The proteins so far characterized as having a role in the transport of prApe1 to the vacuole have been shown to have a diverse localization pattern, but most of them show some punctate localization that corresponds to the PAS (Suzuki etal., 2001 ; Kim et al., 2002 ; Shintani et al., 2002 ). It therefore seems likely that even though most of Atg21 does not seem to localize to the PAS, a fraction of the protein may reside at this site where the protein exerts its function. The Atg20 and Atg24 proteins bind to PtdIns(3)P through a PX domain (Nice et al., 2002 ; Yu and Lemmon, 2001 ), and binding of the two proteins to the PAS requires Atg14 (Nice et al., 2002 ). This, together with the observation that a fraction of Atg14 is found at the PAS, suggests that PtdIns(3)P is present at this structure. Atg21 could therefore be attracted to the PAS due to its affinity to PtdIns(3)P.
Although we could not detect any interaction of Atg21 with other Atg proteins, and none of the atg mutants investigated showed adverse localization of Atg21, removal of Atg21 had a strong effect on two Atg proteins, namely, Atg5 and Atg8. Atg5 is transiently located at the PAS; the localization can be enhanced in mutants defective in the progression of the Cvt/Atg pathways. We found, however, that the Atg5 localization to the PAS seen in an atg8Δ mutant strain was disrupted by the loss of Atg21 (Figure 9C). Atg8 is normally represented strongly at the PAS and has even been regarded as the best marker protein for this compartment (Suzuki et al., 2001 ). In the atg21Δ mutant, however, Atg8 seems to be largely absent from the PAS. Along these lines, in the atg21Δ mutant some Atg8 is going to the vacuole, but at a much lower rate (Figure 6C). Our data furthermore show that Atg21 is required for efficient lipidation of Atg8 (Figure 7). A lack of Atg8 at the PAS also has been described for cells lacking Atg14 (Suzuki et al., 2001 ), suggesting a possible functional link between Atg21 and the PtdIns 3-kinase complex I. However, the reduced lipidation seen with the loss of Atg21 suggests that Atg21 may function at a different step than the PtdIns 3-kinase complex I. The activity of this complex, but not Atg21, is required for the localization of Atg2 to the PAS (Shintani et al., 2001 ). Together, these data suggest that the PtdIns 3-kinase activity of Vps34 is required at two independent steps of the Cvt pathway. The first of these steps involves the generation of PtdIns(3)P at the PAS and is required for the recruitment of Atg2 as well as Atg20-Atg24 as part of the vesicle-forming machinery. The second step requiring Vps34 activity involves Atg21 and may be independent of the first step.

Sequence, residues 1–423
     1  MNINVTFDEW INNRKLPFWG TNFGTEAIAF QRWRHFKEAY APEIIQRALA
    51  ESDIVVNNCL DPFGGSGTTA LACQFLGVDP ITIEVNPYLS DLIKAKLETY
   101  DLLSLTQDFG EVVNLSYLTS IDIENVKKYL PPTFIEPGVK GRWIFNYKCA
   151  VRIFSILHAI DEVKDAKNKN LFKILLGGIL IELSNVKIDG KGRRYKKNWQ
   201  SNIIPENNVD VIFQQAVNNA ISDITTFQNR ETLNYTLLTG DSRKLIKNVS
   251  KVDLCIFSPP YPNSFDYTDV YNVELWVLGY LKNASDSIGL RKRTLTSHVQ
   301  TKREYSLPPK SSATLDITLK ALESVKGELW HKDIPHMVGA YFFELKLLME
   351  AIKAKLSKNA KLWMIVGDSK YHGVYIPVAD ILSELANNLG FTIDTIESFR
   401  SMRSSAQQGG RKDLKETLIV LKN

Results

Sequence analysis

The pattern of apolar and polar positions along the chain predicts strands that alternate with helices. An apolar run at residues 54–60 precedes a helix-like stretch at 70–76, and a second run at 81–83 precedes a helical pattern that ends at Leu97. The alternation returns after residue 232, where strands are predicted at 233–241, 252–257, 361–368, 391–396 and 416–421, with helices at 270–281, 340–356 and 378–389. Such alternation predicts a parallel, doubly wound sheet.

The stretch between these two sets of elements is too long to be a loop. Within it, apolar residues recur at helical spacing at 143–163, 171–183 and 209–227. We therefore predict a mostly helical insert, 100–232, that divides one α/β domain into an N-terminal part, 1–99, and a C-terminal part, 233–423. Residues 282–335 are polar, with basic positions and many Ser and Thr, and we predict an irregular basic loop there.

Although localization of Atg5 and Atg8 at the PAS was disrupted in the atg21Δ mutant, formation of the Atg12-Atg5 conjugate seemed to be normal and lipidation of Atg8 still occurred at a low level. Similarly, analysis of atg8Δ atg21Δ double mutants suggested that Atg21 exerted some function independent of its effect on Atg8 (Figure 9). These results, combined with the unique location of Atg21, lead us to propose that this protein may be involved in membrane recruitment to, or generation at, the site of sequestering vesicle formation. A defect in membrane recruitment would result in a defect in Cvt vesicle formation and also could cause the observed defects in Atg5 and Atg8 localization. A recent study suggests that Atg18 and the homologous proteins contain β-propeller folds, and it also was suggested that Atg18 is required for recycling of membrane proteins from the vacuole to the late endosome (Dove et al., 2004 ). Additional studies will be needed to determine whether Atg18 and Atg21 similarly could be involved in transport from the vacuole or late endosomes to the PAS by a mechanism involving PtdIns(3)P but not PtdIns(3,5)P2.
We thank Dr. Scott D. Emr and members of the Klionsky laboratory for helpful discussions. This work was supported by Public Health Service grant GM-53396 from the National Institutes of Health (to D.J.K.).
Article published online ahead of print. Mol. Biol. Cell 10.1091/mbc.E04-02-0147. Article and publication date are available at www.molbiolcell.org/cgi/doi/10.1091/mbc.E04-02-0147.